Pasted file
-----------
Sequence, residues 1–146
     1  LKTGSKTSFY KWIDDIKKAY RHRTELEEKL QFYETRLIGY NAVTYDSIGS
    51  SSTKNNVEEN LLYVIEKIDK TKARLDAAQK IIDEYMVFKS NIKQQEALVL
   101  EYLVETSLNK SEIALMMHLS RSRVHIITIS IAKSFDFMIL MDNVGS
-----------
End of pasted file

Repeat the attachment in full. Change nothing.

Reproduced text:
Sequence, residues 1–146
     1  LKTGSKTSFY KWIDDIKKAY RHRTELEEKL QFYETRLIGY NAVTYDSIGS
    51  SSTKNNVEEN LLYVIEKIDK TKARLDAAQK IIDEYMVFKS NIKQQEALVL
   101  EYLVETSLNK SEIALMMHLS RSRVHIITIS IAKSFDFMIL MDNVGS